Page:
This is going to be a pretty quick post. Two weeks ago, we looked at how use watchers in Vue.js. This week I figured that we would look at computed properties and methods. See the Pen Vue.js Computed Value vs Method vs Variable by Joe Steinbring (@steinbring) on CodePen. In the above example, we are …
Continue reading "Six ways to use data binding with Vue.js"
For today’s post, I wrote a pen where the goal was to take the latest photo posted to https://photos.jws.app/ and set it as the background image. In it, I used the blogger API to get a JSON object and I parsed
content for the first href. I then pushed that into a second array and used the first array item as the background, using
See the Pen
Auto-updating Background Image (using Vue.js and Axios) by Joe Steinbring (@steinbring)
I wanted to give the user the ability to change the background, so I output “thumbnails” (they are just the same images with a limited width) of all the images and added
v-on:click to each one so that you can switch. You’ll notice that when the user clicks an image, it changes the value of
current Image to equal
index. Vue watches the value of
currentImage and changes the value of
document.body.style.backgroundImage when it happens.
Vue watchers give you a lot of flexibility because you just need to change that index and vue does the rest. There is no need to add a bunch of functions to an onclick event.
Have a comment or question? Feel free to drop it in the comments, below.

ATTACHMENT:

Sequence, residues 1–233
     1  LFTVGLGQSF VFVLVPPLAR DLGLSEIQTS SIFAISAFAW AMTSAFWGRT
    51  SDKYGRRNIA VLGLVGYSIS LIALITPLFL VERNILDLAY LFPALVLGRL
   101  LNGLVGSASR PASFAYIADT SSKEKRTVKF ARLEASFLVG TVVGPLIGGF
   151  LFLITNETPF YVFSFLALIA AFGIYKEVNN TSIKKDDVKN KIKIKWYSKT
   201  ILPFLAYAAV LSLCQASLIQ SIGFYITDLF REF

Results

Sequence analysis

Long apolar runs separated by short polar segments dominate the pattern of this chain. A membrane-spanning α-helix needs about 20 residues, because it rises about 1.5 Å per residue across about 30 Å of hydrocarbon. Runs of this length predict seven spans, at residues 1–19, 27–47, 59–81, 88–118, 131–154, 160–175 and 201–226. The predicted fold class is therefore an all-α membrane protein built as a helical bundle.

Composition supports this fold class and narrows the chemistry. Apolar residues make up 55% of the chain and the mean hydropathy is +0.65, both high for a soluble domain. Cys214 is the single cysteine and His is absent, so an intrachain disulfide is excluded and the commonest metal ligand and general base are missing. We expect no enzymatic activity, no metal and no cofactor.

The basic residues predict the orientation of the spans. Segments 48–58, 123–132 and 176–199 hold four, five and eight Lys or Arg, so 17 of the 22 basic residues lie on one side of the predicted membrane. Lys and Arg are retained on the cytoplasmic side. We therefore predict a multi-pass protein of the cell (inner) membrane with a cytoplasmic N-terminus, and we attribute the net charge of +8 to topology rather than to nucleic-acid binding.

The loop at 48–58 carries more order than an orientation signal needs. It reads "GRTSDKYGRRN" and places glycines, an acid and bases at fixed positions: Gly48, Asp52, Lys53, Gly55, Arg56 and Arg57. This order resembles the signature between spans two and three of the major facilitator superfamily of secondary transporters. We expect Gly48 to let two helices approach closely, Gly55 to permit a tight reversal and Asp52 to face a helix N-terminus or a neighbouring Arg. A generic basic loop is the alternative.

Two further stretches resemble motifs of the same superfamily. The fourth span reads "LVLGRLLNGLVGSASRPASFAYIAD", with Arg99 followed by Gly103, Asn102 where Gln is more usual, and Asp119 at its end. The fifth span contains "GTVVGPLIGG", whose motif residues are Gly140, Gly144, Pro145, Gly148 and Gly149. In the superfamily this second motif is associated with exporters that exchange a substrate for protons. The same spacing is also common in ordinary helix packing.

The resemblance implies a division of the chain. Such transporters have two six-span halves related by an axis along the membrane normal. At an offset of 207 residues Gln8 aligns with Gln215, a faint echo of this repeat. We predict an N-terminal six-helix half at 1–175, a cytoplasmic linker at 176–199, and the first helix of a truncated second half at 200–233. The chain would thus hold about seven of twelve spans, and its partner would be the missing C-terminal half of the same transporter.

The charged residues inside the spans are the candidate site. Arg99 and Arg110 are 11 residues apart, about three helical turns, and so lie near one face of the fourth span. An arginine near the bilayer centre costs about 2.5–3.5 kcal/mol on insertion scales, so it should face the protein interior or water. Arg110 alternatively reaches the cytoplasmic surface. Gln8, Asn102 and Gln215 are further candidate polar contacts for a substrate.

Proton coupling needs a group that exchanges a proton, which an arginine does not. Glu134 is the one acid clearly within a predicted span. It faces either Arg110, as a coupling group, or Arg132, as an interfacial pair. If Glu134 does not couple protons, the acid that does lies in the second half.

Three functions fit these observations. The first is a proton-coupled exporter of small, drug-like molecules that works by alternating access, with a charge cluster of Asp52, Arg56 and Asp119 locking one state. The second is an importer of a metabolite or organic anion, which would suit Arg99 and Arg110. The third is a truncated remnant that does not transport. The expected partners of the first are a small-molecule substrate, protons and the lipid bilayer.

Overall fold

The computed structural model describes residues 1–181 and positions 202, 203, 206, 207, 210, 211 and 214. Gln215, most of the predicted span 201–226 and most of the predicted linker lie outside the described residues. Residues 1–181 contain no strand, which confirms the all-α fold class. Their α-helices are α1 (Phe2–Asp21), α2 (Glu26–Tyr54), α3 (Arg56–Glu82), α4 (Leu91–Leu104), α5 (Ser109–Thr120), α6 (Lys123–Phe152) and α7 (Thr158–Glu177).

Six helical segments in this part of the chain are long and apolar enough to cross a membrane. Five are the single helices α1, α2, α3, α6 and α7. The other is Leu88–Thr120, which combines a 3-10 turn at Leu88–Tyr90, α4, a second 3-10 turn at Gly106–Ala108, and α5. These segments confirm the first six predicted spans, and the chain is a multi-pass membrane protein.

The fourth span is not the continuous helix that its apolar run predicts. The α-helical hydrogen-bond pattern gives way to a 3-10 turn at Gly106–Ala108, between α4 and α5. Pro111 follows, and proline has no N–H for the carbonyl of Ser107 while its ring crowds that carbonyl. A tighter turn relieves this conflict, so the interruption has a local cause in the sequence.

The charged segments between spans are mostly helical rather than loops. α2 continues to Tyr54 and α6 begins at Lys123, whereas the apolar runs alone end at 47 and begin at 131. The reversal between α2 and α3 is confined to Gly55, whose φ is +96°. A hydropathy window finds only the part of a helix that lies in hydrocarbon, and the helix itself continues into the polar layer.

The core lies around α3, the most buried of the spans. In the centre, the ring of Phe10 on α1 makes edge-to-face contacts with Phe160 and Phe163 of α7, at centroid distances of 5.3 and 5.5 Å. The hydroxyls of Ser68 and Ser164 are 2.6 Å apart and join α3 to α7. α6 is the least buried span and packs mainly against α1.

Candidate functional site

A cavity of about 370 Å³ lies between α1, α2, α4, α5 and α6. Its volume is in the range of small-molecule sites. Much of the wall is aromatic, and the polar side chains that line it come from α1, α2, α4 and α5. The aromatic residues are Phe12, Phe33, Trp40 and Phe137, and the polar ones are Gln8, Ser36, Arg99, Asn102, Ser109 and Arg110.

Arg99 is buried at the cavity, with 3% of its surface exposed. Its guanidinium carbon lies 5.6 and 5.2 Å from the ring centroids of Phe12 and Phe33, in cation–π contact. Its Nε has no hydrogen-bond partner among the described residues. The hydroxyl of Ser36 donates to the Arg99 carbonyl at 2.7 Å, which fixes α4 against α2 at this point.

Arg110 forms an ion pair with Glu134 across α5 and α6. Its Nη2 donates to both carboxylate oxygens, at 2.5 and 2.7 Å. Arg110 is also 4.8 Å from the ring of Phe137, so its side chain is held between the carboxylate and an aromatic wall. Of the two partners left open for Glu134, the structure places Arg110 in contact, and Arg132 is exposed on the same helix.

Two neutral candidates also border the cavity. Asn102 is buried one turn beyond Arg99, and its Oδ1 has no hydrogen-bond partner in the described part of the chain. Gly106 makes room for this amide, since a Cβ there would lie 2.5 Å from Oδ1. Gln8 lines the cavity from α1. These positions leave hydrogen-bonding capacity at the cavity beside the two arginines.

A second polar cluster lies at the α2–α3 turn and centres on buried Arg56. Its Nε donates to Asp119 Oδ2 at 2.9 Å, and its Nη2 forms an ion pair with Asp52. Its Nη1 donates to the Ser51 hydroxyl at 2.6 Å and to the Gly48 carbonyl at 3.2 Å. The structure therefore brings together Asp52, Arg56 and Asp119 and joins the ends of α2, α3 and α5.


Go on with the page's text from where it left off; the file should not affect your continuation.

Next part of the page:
[ Cover photo by Luke Chesser on Unsplash ]
Recently, I was playing around with the Milwaukee County Transit System BusTime API when I came across an interesting problem.
For years, I have wanted to develop for Android but I haven’t gotten off my butt and done it. I recently decided to force myself to explore development, using PhoneGap. Today, I wrote a very basic proof of concept. I have to admit that it was pretty easy. I wrote the app using HTML, JS, and …
Continue reading "First attempt at a mobile app, using PhoneGap Build"
These days, it seems like there are an almost infinite number of device types. There are phones, tablets, phablets (AKA really big phone), small laptops (like netbooks), big laptops, and desktops. The key to dealing with these devices is simply responsive design and extensive compatibility testing. You should not deviate from that! With that said, …
Continue reading "How to detect a device type, based upon window width"